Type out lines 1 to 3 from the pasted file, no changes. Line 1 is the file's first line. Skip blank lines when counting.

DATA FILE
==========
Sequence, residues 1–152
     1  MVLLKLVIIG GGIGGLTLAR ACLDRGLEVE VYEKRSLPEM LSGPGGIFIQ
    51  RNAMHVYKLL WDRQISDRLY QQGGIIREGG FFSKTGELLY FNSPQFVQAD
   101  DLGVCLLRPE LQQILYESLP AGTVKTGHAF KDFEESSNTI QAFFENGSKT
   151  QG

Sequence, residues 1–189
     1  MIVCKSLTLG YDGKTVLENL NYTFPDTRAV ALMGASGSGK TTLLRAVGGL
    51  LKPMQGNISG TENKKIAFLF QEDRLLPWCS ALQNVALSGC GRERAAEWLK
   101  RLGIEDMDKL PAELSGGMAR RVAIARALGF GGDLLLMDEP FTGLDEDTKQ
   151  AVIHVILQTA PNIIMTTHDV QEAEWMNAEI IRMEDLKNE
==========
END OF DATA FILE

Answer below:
Sequence, residues 1–152
     1  MVLLKLVIIG GGIGGLTLAR ACLDRGLEVE VYEKRSLPEM LSGPGGIFIQ
    51  RNAMHVYKLL WDRQISDRLY QQGGIIREGG FFSKTGELLY FNSPQFVQAD